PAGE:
BCBSA’s Trent Haywood: Clinical executives essential in move to value-based care

By | June 24th, 2016 | Blog | Add A Comment

 

Trent Haywood: “The model used to be ‘the suits and the scrubs.’ ... It was very siloed, and as long as you stayed on your side of the fence, it worked well. The model is changing.”

 

One in a series of interviews with Modern Healthcare’s Top 25 Minority Executives in Healthcare for 2016.

 

Trent Haywood has multiple titles after his name – an MD as well as a JD. But to find respect and cohesion among his leadership-team peers as he moved into a role as a physician executive, he says his biggest lesson was to check his degrees at the door.

 

“Someone gave me advice early on that, if you’re going to transition away from the bedside, you have to become comfortable no longer being called ‘Dr. Haywood’ but just ‘Trent,’ ” says the chief medical officer of the Blue Cross Blue Shield Association. “Being viewed as ‘the doctor’ has great social capital, but it prevents other executives from really getting to know you and sharing with you as a peer.”

 

But make no mistake – Haywood says he believes that more clinician executives are needed precisely because of their unique qualifications to bring the value to value-based care and to balance patients’ needs and concerns with healthcare finances.

 

“The business is evolving,” he says. “The model used to be ‘the suits and the scrubs.’ The suits did their thing, and the rest of us in scrubs did our thing. It was very siloed, and as long as you stayed on your side of the fence, it worked well.

 

“The model is changing. You have a new generation of clinicians who are going back and getting additional degrees. I think it’s going to continue to be the norm where you’re going to have many more clinicians in leadership roles.”

 

Read more…

 

 

After a complex merger, Ruth Brinkley works diligently to build a new culture at KentuckyOne Health

By | June 3rd, 2016 | Blog | Add A Comment

 

Ruth Brinkley: “We know that a hospital only impacts 20 or 25 percent of health status. The rest are social determinants.”

 

One in a series of interviews with Modern Healthcare’s Top 25 Minority Executives in Healthcare for 2016.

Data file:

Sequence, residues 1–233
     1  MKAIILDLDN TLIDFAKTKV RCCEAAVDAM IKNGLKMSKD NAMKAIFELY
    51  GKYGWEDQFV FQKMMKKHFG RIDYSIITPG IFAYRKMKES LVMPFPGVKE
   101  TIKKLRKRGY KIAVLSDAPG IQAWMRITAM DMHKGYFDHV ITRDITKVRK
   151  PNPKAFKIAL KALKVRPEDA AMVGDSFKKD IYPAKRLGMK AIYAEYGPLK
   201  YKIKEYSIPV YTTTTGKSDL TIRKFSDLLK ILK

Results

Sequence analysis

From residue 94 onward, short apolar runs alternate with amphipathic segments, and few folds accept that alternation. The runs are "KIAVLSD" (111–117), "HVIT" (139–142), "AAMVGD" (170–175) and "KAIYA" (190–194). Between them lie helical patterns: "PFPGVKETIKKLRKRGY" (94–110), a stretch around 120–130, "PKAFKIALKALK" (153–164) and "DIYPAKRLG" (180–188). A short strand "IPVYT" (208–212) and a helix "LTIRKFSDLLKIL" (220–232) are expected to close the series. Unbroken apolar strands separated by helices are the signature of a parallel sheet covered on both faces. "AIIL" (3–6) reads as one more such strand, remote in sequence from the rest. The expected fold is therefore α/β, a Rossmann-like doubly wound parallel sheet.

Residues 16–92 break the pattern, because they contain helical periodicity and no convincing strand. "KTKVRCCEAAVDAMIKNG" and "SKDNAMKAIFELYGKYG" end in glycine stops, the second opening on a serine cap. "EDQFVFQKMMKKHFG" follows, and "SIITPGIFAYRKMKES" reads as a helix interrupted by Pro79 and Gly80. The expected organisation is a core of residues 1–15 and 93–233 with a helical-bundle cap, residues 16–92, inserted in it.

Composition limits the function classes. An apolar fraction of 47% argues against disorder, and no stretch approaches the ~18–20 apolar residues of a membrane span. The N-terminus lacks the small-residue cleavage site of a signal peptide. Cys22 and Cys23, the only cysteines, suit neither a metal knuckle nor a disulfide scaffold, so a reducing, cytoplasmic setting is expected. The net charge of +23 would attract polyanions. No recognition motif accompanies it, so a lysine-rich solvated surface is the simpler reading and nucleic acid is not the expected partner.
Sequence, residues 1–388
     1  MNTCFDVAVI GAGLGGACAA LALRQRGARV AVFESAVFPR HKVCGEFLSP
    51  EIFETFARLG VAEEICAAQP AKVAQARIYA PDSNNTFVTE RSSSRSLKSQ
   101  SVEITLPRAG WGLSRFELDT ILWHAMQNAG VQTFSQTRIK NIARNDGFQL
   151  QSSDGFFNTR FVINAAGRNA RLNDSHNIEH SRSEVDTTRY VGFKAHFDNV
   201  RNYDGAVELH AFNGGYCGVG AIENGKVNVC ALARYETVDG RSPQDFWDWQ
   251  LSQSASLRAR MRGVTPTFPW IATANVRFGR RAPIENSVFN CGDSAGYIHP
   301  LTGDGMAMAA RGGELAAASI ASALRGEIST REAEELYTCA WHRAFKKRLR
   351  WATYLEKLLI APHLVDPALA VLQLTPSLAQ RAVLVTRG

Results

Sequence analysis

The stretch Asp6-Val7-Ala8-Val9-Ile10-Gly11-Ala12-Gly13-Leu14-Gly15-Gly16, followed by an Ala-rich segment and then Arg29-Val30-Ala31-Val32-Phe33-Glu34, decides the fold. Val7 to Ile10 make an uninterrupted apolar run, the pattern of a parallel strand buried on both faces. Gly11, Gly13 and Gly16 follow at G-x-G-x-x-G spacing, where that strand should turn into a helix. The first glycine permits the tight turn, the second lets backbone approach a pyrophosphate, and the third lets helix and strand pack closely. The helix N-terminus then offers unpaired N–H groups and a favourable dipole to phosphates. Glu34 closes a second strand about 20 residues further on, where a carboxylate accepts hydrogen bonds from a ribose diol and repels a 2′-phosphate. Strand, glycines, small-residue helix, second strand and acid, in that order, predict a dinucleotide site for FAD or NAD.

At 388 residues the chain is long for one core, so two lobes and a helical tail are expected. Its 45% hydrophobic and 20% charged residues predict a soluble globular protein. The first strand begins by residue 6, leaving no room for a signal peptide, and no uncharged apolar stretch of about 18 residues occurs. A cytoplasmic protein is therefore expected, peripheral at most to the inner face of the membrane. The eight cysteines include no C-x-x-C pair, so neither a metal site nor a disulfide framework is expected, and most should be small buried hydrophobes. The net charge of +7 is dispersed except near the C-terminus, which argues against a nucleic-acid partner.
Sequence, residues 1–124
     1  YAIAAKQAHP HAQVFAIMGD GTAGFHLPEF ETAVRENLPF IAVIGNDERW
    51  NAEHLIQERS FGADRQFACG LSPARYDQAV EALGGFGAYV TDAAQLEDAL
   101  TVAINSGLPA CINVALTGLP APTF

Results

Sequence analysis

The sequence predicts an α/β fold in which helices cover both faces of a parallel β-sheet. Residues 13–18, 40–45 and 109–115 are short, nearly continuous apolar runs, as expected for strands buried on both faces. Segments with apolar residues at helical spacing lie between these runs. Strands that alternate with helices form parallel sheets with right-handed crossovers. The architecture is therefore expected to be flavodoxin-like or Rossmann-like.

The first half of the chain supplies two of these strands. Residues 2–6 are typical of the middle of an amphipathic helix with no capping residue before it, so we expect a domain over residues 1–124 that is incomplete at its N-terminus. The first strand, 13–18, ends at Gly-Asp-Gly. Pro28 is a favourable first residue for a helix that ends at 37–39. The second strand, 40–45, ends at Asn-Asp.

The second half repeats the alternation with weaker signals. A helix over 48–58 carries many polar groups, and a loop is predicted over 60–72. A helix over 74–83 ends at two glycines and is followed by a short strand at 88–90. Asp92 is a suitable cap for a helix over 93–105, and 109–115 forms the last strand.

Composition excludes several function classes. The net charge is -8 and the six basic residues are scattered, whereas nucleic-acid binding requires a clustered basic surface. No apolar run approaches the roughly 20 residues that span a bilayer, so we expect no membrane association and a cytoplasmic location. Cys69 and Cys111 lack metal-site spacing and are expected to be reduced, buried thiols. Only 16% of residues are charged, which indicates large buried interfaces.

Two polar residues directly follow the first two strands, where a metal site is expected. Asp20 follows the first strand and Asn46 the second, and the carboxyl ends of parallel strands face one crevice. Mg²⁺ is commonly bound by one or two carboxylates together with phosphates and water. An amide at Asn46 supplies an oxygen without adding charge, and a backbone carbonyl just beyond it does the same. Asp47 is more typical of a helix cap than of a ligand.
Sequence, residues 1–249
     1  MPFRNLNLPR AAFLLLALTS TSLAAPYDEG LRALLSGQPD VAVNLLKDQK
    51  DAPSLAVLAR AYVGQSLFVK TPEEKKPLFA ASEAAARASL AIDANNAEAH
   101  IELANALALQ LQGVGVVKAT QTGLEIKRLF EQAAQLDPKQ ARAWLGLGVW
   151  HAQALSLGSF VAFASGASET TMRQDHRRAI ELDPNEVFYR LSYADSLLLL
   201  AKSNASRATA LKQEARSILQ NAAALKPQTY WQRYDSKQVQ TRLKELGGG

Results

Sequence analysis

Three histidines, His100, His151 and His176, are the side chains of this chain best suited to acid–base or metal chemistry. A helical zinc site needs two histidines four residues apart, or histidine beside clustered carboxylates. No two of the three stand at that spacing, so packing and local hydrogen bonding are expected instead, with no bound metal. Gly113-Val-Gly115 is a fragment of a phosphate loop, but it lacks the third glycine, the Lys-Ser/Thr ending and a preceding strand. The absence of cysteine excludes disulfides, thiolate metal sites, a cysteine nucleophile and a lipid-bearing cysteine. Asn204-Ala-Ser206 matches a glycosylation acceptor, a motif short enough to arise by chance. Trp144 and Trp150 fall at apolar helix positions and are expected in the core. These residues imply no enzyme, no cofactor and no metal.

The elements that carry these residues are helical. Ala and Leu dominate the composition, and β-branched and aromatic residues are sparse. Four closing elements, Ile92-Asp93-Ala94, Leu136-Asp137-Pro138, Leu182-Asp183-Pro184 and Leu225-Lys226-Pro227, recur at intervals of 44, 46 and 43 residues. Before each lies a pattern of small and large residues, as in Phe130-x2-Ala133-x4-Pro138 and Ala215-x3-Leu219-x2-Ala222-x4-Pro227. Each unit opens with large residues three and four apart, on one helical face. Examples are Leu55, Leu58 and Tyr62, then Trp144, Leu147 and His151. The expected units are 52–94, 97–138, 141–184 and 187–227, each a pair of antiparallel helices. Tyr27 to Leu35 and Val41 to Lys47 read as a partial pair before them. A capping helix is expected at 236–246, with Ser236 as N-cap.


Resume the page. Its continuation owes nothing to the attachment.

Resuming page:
Mergers and acquisitions are complicated equations when just two organizations are involved. But three? That’s a daunting challenge for anyone. Small wonder that Catholic Health Initiatives turned to a veteran CEO like Ruth Brinkley to choreograph the complicated venture and lead the new KentuckyOne Health system.

 

Brinkley, who revamped the sprawling organization to survive and thrive under reform, says the bumps in the road are beginning to get fewer and farther between. “I’m a big believer in culture and the impact of culture on strategy and on building excellence,” she says. “One of the things we have consciously worked on since the very beginning was to shape a desired culture. I would say we’re 60 to 70 percent of the way there.”

 

KentuckyOne Health is comprised of the former Saint Joseph Health System, the former Jewish Hospital & St. Mary’s HealthCare, and the University of Louisville Hospital and James Graham Brown Cancer Center. It is a complicated arrangement. Catholic Health Initiatives is a majority owner of KentuckyOne. The other owner is Louisville-based Jewish Heritage Fund for Excellence. But the individual hospitals that were Jewish hospitals are still Jewish; the Catholic ones are still Catholic; and the university hospital remains secular. The partnership with the university was held up by former Kentucky Gov. Steve Beshear, who initially challenged a full three-way merger over concern that the public university hospital would be required to follow the Ethical and Religious Directives of the U.S. Conference of Catholic Bishops. And that, in turn, slowed down the process and the culture work by about a year.

 

Daunting? Absolutely. But Brinkley’s eyes were wide open from the beginning.

 

“I did expect this to be a big job, a big bite, so to speak,” says Brinkley, who left Carondelet Health in Tucson, Ariz., to return to Louisville and CHI. “I believe in the merger, in the vision of what we set out to do. When the days or the issues get tough, I go back to the belief in that vision.”

 

Brinkley had already achieved much in her career as a CEO and a lauded leader in Catholic healthcare for many years. Her resume was full. But the prospect of the merger energized her, moved her geographically closer to her children and grandchildren, and brought her back to her what she calls her extended family at CHI.

 

Read more…

 

 

Nicholas Tejeda: The ACA reinforces the need for younger leadership

By | May 27th, 2016 | Blog | Add A Comment

 

Nicholas Tejeda: “I find that independent hospitals and smaller systems don’t appear to have the luxury or the comfort with taking a risk on people who might be younger.”